After decades of anticipation, the promise of automated decision-making systems is finally becoming a reality in a variety of industries.
For decades, futurists have anticipated the day when computers would relieve managers and professionals of the need to make certain types of decisions.1 Computer programs would analyze data and make sound judgments on such matters as how to configure a complex computer, how to diagnose and treat a patient’s illness or how to know when to stir a big vat of soup with little or no human help. But automated decision making has been slow to materialize. Many early artificial intelligence applications were just solutions looking for problems, contributing little to improved organizational performance.2 In medicine, for example, doctors showed little interest in having machines diagnose their patients’ diseases. In the business sector, even when expert systems were directed at real issues, extracting the right kind of specialized knowledge from seasoned decision makers and maintaining it over time proved to be more difficult than anticipated.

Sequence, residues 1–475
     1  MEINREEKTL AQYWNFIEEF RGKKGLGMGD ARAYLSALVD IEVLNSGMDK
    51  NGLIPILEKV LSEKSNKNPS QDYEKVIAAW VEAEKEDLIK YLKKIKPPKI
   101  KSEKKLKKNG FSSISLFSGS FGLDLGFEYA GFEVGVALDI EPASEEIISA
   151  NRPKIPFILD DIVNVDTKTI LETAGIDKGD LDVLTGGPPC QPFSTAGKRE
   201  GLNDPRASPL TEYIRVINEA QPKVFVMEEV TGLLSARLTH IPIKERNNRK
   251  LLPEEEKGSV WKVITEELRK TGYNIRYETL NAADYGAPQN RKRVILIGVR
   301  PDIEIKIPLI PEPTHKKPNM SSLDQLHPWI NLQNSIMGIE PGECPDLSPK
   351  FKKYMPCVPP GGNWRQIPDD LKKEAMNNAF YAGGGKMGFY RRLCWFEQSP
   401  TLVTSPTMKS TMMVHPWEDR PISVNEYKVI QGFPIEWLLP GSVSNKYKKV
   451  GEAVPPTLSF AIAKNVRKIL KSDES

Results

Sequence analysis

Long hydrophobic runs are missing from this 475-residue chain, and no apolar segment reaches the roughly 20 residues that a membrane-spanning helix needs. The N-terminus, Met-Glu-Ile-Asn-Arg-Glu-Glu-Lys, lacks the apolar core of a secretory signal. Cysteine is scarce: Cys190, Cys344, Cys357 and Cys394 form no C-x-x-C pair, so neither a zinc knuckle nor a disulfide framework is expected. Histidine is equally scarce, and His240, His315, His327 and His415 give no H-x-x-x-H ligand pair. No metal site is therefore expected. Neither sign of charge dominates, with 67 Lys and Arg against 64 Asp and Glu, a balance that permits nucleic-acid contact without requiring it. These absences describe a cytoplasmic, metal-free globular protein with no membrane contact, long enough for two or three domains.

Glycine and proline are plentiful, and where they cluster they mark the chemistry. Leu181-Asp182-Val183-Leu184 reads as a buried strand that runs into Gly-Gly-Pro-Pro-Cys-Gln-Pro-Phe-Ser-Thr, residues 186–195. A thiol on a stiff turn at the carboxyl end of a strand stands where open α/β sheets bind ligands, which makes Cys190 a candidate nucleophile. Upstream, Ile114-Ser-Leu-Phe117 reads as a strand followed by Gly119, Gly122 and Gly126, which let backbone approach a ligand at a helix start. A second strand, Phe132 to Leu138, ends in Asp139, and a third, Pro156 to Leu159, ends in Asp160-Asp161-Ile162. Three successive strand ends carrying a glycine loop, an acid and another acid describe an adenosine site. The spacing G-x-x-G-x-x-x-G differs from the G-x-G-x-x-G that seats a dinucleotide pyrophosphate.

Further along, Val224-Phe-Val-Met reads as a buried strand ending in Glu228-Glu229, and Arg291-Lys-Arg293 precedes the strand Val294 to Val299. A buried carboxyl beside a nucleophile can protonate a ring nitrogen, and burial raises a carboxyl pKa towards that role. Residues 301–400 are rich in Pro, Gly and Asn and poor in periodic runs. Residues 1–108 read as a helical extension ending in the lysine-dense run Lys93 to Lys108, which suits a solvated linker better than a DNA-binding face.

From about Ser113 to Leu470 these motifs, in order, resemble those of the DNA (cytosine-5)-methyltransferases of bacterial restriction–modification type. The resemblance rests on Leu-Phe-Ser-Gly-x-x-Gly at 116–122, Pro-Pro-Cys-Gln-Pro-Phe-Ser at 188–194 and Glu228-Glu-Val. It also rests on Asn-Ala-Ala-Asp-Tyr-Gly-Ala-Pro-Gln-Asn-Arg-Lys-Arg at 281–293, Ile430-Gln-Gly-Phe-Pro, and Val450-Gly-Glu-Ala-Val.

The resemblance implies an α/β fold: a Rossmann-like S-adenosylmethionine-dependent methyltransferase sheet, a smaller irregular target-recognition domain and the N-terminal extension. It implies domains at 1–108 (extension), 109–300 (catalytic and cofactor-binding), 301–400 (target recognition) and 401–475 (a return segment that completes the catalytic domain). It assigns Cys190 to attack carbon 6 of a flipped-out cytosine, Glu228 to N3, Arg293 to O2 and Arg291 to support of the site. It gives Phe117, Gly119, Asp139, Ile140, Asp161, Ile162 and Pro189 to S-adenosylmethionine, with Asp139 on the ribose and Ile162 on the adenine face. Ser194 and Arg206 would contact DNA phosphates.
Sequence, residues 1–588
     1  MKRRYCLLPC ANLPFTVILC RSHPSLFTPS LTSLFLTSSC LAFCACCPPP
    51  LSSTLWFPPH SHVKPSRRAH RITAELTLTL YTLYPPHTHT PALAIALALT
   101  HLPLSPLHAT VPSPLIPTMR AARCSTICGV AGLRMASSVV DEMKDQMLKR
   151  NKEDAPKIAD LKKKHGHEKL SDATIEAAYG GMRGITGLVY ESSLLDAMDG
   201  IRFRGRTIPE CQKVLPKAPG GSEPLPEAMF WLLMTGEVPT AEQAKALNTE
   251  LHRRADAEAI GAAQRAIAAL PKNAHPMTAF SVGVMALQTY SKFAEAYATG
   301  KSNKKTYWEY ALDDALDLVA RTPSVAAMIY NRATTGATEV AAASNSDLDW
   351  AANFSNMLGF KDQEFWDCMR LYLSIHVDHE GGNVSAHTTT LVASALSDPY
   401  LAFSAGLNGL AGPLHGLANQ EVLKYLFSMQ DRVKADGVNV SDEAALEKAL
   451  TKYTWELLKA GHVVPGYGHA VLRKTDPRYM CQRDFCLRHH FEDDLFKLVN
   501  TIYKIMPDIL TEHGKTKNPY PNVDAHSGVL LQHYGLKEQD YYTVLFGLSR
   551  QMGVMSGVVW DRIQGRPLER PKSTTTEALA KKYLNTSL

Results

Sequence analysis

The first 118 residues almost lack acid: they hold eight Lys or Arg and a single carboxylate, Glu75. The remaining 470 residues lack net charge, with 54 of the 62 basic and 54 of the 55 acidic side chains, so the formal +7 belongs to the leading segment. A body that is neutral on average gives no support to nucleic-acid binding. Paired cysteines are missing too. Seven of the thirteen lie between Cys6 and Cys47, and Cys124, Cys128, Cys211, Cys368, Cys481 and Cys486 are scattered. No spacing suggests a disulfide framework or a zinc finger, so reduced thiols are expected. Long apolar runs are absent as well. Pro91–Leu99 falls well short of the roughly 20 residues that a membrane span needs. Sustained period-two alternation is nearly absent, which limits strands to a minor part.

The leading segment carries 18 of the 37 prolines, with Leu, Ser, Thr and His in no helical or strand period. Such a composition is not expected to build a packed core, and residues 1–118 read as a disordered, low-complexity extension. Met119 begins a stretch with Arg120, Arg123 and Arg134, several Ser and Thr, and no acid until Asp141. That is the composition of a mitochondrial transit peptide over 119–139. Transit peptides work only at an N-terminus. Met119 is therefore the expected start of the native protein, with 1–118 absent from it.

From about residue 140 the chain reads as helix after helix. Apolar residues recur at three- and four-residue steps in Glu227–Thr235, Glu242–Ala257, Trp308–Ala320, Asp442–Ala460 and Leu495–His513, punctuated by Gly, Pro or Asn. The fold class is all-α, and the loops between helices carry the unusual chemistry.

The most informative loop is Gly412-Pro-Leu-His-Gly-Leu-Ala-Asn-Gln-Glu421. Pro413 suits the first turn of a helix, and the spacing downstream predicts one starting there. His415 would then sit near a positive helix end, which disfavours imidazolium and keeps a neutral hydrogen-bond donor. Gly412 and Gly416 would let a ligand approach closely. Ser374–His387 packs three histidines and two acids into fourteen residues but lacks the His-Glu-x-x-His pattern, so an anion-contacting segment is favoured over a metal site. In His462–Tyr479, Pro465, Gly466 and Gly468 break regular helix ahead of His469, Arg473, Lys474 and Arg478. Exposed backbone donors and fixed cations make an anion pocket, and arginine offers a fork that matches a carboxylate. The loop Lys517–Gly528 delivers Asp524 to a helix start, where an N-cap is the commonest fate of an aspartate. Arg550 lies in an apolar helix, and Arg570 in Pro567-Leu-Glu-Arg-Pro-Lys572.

Even though the need for automated decision systems was recognized, full-blown decision-making systems were seen as impractical for use in business. So, during the 1970s, managers began to address this need by employing intelligence augmentation tools that provided managers and analysts with “decision support.”3 The idea was for the support system to help managers report, analyze and interpret data as opposed to actually making the business decisions. Although some decision support tools offered the potential for sophisticated statistical insight into business problems, they generally required skilled users to direct their use. The tools were usually not integrated with business applications. As a result, managers used them to help make decisions and then, if computers could help, used separate applications to carry out the decisions. For these and other reasons, such tools didn’t catch on — not nearly to the extent that more transactional software applications, such as enterprise resource-planning systems, did.
The reluctance on the part of executives to embrace decision-support tools during the 1970s and 1980s was not surprising.